e. The importance of developing national legislation to preclude and prevent terrorists from finding safe haven in the territory of member states or using such territories as transit zones.
f. The need for member states that have not yet done so to sign, ratify, or accede to and effectively implement the Inter-American Convention against Terrorism, as well as the 13 international conventions and protocols related to terrorism,/ and resolutions of the United Nations Security Council, in particular resolutions 1267 (1999), 1373 (2001), 1540 (2004), 1566 (2004), 1617 (2005), and 1624 (2005).
g. Their readiness to extend to each other the broadest and swiftest legal assistance possible, in accordance with Article 9 of the Inter-American Convention against Terrorism and applicable multilateral and bilateral agreements, to facilitate the prosecution and, if appropriate, and in accordance with domestic law of each state, the extradition of any person who supports, facilitates, participates, or attempts to participate in the financing, planning, preparation, or commission of terrorist acts or provides safe havens.
h. The need for member states that have not yet done so, to consider signing, ratifying, or acceding to, as the case may be, and to effectively implement the Inter-American Convention against the Illicit Manufacturing of and Trafficking in Firearms, Ammunition, Explosives, and Other Related Materials (CIFTA).
i. Their commitment to effectively implement the International Ship and Port Security (ISPS) Code, which is binding upon the contracting states of the International Maritime Organization (IMO), taking into account the vast resources that this calls for, so as to channel cooperation and technical assistance among member states to facilitate the implementation of these new international measures and strengthen their capacity to detect and deal with maritime security risks.
j. Their determination to comply effectively with Annex 17 of the 1944 Chicago Convention, "Safeguarding International Civil Aviation against Acts of Unlawful Interference," of the International Civil Aviation Organization (ICAO), so as to channel cooperation and technical assistance among member states to facilitate the implementation of these new international measures and strengthen their capacity to detect and deal with aviation security risks.
k. The need to cooperate on border transit control in keeping with the legal and administrative systems of member states, aimed at preventing, combating, and eliminating terrorist acts throughout the Hemisphere, without prejudice to applicable commitments in relation to the free movement of people, increased trade, economic integration, and development.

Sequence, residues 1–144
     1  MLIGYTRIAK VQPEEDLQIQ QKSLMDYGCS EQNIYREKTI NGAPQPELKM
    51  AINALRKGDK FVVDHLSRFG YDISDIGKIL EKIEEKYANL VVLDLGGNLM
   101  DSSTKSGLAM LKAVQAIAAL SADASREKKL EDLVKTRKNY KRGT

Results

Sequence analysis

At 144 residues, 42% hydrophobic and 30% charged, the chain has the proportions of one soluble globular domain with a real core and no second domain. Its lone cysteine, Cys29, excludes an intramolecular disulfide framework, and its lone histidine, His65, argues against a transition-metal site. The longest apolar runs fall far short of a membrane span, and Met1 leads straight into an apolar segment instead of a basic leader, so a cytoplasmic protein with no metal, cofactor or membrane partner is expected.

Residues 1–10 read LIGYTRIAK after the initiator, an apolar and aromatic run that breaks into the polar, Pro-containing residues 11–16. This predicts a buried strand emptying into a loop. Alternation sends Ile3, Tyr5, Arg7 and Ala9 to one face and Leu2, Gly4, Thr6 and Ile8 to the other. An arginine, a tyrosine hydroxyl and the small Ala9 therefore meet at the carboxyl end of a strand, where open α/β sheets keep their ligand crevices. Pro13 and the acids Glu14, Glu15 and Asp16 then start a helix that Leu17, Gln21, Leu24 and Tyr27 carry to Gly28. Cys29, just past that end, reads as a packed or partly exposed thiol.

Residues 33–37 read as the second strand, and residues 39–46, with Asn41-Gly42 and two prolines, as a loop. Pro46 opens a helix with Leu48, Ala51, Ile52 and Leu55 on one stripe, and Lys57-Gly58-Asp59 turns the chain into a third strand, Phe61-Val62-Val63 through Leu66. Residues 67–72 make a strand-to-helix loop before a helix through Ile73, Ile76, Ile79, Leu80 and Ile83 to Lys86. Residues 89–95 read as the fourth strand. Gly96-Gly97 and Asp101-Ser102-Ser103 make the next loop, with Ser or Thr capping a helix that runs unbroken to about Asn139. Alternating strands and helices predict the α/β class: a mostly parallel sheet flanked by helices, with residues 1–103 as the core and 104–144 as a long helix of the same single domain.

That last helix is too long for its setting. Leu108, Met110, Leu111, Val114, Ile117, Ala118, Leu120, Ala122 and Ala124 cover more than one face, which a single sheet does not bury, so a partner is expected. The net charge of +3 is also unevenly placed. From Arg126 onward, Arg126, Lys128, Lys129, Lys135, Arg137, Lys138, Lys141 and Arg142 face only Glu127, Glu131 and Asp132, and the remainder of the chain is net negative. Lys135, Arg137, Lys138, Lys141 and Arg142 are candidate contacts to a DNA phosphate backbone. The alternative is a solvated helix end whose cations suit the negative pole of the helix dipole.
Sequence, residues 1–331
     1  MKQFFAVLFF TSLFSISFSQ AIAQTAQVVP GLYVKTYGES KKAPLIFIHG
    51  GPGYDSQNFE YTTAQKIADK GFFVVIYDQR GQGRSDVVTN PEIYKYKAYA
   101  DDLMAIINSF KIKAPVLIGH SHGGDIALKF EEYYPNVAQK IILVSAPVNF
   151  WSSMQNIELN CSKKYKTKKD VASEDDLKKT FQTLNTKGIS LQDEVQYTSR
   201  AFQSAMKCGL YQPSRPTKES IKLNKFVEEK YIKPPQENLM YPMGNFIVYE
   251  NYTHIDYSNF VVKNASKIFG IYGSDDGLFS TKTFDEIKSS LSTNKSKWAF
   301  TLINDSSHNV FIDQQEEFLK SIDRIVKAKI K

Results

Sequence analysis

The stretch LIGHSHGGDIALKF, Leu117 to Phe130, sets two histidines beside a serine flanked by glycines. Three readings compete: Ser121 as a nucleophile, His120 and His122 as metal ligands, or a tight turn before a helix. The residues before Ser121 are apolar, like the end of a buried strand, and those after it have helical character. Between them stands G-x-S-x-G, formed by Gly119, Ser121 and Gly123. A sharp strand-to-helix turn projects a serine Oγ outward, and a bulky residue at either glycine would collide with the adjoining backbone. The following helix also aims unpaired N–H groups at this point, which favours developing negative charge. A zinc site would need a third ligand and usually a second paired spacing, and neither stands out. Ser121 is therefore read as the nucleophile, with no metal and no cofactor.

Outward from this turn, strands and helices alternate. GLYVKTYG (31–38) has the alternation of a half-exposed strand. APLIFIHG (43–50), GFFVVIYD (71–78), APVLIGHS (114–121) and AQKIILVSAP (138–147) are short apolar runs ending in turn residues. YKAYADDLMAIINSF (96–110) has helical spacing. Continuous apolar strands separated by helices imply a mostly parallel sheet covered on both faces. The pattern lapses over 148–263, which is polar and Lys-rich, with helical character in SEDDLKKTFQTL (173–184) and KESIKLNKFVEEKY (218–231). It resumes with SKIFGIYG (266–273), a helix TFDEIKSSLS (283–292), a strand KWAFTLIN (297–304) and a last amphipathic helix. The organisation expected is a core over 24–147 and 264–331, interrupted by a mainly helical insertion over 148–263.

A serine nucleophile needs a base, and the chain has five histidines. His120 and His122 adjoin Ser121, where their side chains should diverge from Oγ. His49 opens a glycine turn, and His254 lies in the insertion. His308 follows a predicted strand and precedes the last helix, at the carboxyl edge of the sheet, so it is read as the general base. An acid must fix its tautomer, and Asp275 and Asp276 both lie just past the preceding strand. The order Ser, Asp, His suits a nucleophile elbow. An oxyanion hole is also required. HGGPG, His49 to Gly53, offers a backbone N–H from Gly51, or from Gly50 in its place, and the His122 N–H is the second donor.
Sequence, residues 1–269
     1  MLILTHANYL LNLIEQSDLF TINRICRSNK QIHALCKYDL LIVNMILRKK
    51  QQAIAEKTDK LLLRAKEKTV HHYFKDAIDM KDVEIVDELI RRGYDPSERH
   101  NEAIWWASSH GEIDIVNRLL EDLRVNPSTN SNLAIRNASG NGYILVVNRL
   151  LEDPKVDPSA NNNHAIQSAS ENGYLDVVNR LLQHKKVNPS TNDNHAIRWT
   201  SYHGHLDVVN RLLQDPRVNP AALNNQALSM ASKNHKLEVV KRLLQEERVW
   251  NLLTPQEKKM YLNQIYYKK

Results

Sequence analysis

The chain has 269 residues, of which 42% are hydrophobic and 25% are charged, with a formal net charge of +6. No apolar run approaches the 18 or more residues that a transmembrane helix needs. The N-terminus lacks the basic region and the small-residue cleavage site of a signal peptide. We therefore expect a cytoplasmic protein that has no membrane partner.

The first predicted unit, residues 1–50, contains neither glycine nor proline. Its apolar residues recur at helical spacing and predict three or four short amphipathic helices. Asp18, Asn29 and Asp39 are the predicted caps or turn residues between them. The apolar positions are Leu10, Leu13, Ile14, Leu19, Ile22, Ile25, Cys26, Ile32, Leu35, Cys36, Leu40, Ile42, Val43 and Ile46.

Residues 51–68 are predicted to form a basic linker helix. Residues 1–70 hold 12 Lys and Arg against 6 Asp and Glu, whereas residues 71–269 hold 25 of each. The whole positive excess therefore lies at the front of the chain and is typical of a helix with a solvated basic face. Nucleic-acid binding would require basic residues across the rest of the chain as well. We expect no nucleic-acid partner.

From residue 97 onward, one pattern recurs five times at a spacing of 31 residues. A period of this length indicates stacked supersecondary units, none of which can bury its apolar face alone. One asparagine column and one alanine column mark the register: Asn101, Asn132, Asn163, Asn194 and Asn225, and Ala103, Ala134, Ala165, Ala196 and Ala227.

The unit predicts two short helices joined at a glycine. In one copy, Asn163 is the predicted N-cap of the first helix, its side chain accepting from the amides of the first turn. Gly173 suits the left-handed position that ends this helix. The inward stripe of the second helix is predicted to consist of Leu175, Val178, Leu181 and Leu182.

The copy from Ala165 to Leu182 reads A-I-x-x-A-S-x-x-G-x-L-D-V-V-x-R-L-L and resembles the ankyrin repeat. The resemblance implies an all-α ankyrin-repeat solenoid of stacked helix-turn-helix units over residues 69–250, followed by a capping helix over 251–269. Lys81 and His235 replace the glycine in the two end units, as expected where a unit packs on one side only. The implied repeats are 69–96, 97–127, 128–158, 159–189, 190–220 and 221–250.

l. The need for member states to implement the 40 plus 9 recommendations of the FATF on money laundering and financing of terrorism.
4. EMERGING THREATS
a. Their commitment to identifying and fighting emerging terrorist threats, regardless of their origin, such as cybercrime and bioterrorism, threats to tourism security and critical infrastructure, as defined by each state, and the possibility of access to and possession, transportation, and use of weapons of mass destruction and related materials and their vectors in the hands of terrorists, and to developing and adopting cooperative programs./
b. Their renewed commitment to implementing resolution AG/RES. 2004 (XXXIV-O/04), "Adoption of a Comprehensive Inter-American Cybersecurity Strategy to Combat Threats to Cybersecurity: A Multidimensional and Multidisciplinary Approach to Creating a Culture of Cybersecurity," and the need for member states to seek to strengthen their cybersecurity capacity, create a hemispheric network of Computer Security Incident Response Teams (CSIRTs), and consider designating, in accordance with their domestic legislation, a point of contact in those member states that have a Team, as recommended at the Second Cybersecurity Practitioners' Workshop, held by CICTE, in Sao Paulo, Brazil, 2005.
c. Their firm commitment to strengthening national and multilateral efforts to prevent, combat, and eliminate terrorist threats and attacks against financial, transportation, and telecommunications systems and attacks on critical infrastructure.
d. Their commitment to initiate the development of security standards and practices related to tourism and recreational facilities in compliance with resolution AG/RES. 2137 (XXXV-O/05), through the implementation of a Pilot Project for the Security of Tourism and Recreational Facilities, involving six member states of the Caribbean in preparation for the Cricket World Cup 2007, and to hold a meeting of experts between July and September 2006 within the framework of the OAS, to evaluate the results of that Pilot Project and to make a diagnostic assessment of the realities and needs of this sector in the area of security as they relate to tourists and to tourism and recreational facilities in the Hemisphere
e. Their commitment to implement resolution AG/RES. 2145 (XXXV-O/05), "Denying MANPADS to Terrorists: Control and Security of Man-Portable Air Defense Systems (MANPADS)," adopted by the OAS General Assembly at its thirty-fifth regular session, which is aimed at confronting the threat posed by terrorist acquisition of MANPADS, and at ensuring and maintaining effective physical security and management of MANPADS stockpiles to prevent the relocation, loss, theft, diversion, or unauthorized used of MANPADS.